By Andrew Lindvall
Jarry is typically cast as a rebel in this narrative: an “enfant terrible,” wherein each of his performances he seeks to bash and scandalize the bourgeoisie. However, this assertion undervalues the legitimate artistic ardor of his contribution. He is credited with the origin of the Avant-Garde movement and is often heralded as influential to artists such as Pablo Picasso, Antonin Artaud, and even John Lennon. Part of the play’s impact lies in how drastically it reacted against the overwhelming majority of Realist theatre being produced in Europe at the time. Ubu Roi overturns the concept of a normal, rational protagonist, and replaces him with a bizarre, absurd antihero. It is easy to see his play as merely a spoof of the existing theatre of the time, but that in fact ignores Jarry’s reasons behind his departure.
In order to appropriately stage this piece, it is important to acknowledge that since it was such a drastic departure from the French scene at the time, much of the initial reaction was negative. Modern scholars now see the premiere as an important work distinguishing the emergence of Avant-Garde theatre. Patrick Lobert explains Jarry’s influence as a contrasting figure against the theatre of the time: “Ubu’s status as farcical protagonist derives from his inability to read his situation self-referentially, since in his pursuit of power he holds an idea of power which is blind to the material circumstances which surround the possession of power…His search for power satirizes the situation of French theatre at the fin de siècle. Ubu roi, composed and staged against the backdrop of the esthetic conflicts pitting bourgeois realism and naturalism against symbolist theatricalism, comments pointedly upon a self referential lack in naturalist doctrines, doctrines which stumble ineptly as they try to create dramatic meanings all the while ignoring their theatrical milieu.” Lobert and most scholars acknowledge this general disrespect for Jarry’s work, and urge modern readers to explore the piece beyond the material’s initial shock.
Historian Keith Beaumont also shares this vision and attempts to reframe the work from its underestimated depth: “It is time to put to rest once and for all the notion of Jarry as the enfant terrible of fin-de-siècle literature, fiendishly setting out to épater le bourgeois and to engineer the greatest theatrical hoax of all time. One has only to read his writings on the theatre to be convinced of the seriousness of his artistic aims and of his reforming zeal.” Beaumont speaks of this “deliberate unsophistication” as deceptive, much like the paintings of the Les Nabis.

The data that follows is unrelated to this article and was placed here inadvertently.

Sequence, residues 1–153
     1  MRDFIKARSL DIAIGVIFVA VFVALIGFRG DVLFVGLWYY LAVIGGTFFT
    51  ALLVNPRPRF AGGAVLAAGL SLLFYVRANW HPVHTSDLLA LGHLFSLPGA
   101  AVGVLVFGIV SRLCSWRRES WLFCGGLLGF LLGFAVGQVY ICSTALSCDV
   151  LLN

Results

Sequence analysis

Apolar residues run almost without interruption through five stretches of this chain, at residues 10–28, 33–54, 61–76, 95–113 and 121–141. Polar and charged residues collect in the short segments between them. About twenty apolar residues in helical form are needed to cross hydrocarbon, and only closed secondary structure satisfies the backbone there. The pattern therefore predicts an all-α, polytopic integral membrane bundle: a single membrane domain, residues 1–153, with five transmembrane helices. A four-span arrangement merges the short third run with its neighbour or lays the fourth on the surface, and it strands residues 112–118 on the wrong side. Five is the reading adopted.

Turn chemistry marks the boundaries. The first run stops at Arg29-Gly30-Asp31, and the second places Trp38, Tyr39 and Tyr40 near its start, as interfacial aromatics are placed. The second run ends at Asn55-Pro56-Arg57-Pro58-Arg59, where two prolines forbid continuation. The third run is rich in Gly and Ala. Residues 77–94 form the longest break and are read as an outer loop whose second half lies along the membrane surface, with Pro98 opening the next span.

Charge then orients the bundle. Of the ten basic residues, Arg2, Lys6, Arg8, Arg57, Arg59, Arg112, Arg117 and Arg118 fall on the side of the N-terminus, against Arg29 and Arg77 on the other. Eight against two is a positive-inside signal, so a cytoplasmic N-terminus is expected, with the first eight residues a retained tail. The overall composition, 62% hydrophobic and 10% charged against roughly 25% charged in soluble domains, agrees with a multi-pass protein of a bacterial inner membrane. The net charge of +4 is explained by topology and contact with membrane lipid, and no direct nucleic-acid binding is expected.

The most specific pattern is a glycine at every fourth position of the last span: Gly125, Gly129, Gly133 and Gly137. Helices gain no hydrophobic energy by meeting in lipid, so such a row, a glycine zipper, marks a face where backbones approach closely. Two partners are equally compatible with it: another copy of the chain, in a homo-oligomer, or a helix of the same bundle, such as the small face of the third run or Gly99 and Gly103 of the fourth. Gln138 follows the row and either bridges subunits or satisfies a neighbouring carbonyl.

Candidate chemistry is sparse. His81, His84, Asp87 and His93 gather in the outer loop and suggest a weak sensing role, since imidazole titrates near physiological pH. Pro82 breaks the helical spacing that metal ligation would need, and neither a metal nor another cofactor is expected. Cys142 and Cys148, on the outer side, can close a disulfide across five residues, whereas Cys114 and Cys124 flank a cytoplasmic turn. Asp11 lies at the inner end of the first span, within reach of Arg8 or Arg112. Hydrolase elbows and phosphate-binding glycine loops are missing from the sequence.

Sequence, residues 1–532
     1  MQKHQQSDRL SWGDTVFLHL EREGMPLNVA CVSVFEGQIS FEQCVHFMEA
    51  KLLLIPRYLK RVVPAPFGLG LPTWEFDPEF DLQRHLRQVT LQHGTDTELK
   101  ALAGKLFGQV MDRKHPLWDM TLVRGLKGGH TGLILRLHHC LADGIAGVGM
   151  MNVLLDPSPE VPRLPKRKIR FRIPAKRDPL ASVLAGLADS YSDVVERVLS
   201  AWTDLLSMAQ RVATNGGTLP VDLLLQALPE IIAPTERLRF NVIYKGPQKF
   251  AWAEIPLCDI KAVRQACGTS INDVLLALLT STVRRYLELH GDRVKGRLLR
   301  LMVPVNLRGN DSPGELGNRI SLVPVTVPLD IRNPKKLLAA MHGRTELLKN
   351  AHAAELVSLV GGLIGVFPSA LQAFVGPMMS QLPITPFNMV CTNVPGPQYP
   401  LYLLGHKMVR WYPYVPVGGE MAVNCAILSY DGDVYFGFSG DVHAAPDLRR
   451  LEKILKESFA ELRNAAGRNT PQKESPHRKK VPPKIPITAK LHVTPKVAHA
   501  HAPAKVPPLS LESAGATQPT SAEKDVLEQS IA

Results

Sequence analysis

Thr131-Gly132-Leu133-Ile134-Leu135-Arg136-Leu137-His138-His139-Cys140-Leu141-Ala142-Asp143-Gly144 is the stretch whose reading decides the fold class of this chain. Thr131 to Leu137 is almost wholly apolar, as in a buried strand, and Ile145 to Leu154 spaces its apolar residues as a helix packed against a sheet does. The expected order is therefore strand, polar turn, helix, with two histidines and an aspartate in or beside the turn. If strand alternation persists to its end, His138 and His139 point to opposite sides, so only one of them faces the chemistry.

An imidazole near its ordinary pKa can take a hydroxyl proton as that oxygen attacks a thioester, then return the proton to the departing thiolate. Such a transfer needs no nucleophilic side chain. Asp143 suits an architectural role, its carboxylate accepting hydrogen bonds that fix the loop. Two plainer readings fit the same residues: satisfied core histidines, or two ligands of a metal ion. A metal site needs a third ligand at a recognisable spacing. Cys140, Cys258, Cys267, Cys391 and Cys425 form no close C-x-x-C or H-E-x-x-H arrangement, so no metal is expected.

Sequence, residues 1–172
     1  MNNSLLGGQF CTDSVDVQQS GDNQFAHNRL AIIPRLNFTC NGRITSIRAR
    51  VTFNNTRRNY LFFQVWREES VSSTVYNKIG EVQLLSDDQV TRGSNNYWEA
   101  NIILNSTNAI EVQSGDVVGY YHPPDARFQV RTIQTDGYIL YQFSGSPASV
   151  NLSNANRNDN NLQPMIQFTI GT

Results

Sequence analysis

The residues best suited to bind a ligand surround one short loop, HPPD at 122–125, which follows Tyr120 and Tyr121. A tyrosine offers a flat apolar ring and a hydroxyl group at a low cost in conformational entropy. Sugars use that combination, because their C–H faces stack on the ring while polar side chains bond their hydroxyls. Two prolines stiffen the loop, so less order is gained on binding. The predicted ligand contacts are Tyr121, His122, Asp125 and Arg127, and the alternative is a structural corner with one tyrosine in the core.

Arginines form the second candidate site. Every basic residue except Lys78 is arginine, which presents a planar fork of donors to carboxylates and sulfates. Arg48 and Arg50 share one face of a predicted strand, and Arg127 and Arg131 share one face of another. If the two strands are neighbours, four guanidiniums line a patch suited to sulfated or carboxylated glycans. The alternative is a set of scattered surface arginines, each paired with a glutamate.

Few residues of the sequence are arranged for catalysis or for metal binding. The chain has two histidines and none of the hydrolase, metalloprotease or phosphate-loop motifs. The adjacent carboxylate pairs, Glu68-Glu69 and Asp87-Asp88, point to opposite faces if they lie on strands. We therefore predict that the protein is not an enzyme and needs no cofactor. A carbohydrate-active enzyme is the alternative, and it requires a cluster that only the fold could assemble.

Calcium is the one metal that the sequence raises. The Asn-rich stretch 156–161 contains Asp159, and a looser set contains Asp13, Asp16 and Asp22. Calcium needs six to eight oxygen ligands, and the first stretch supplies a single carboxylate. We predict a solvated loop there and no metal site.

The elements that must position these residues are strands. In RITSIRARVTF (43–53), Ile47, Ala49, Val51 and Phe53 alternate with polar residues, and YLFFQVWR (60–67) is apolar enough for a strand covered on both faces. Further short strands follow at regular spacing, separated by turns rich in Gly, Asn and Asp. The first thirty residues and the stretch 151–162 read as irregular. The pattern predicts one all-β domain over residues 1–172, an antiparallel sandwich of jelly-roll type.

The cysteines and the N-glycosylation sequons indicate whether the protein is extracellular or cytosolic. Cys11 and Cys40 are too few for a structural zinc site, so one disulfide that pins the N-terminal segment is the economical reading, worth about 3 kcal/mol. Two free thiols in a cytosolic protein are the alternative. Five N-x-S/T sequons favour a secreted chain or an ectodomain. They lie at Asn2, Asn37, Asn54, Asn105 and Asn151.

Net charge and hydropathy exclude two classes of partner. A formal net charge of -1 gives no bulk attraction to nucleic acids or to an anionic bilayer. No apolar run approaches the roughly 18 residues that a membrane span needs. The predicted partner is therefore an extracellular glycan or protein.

Les Nabis were a group of artists of Jarry’s time from whom he lifted a lot of his plays’ visual elements. Their techniques, which seemed almost too simple, were a conscious reaction against the trendy insistence of realism in art. Much like Jarry’s vaguely influential science of Pataphysics, the specifics are less important than the general concept. Jarry likely saw a lot of similarities between the artistic goals of the Nabis and his own: “Ubu Roi certainly does deride every conceivable convention of the then existing theatre. But the play, and its original performance, represented also an attempt to escape from what its author saw as the impasse of realism and naturalism through the creation of an entirely new, and much more vital form of theatre” (Lobert).
In Ubu Roi, Jarry replaces classic tragedy with the characters’ simple desire for sustenance. Structurally organized like a typical five-act French play, the plot unfolds very naturally and clearly, but all events within it only serve to mock and undermine the narrative. The vulgarity of the characters and their motivations only reveals that these grand cultural stories are inherently about a life literally full of nothing but food and shit.
Many other artists have fallen in love with the character of Ubu and what he represents, and have taken his spirit into other types of artistic expression. Père Ubu is an experimental rock band that takes its name from Jarry’s protagonist. Their music contains many references to the play: New Picnic Time is their third full-length album.
Beaumont, Keith. Jarry, Ubu Roi. London: Grant & Cutler, 1987. Print.
Corbyn, Zoë. “An Introduction to ‘Pataphysics.” The Guardian. Guardian News and Media, 09 Dec. 2005. Web. 14 Apr. 2014.
LaBelle, Maurice Marc. Alfred Jarry, Nihilism and the Theater of the Absurd. New York: New York UP, 1980. Print.
Lobert, Patrick. “Ubu Roi, Jarry’s Satire of Naturalism.” French Literature Series 14 (Spring 1987): 124-32
Puchner, Martin. “Alfred Jarry.” The Norton Anthology of Drama. Vol. 2. New York: W. W. Norton & Co., 2009. 305-09. Print.
Pavlovski, Linda. Twentieth-Century Literary Criticism. Ed. Linda Pavlovski. Vol. 147. Detroit: Gale, 2004. 225-346. Print.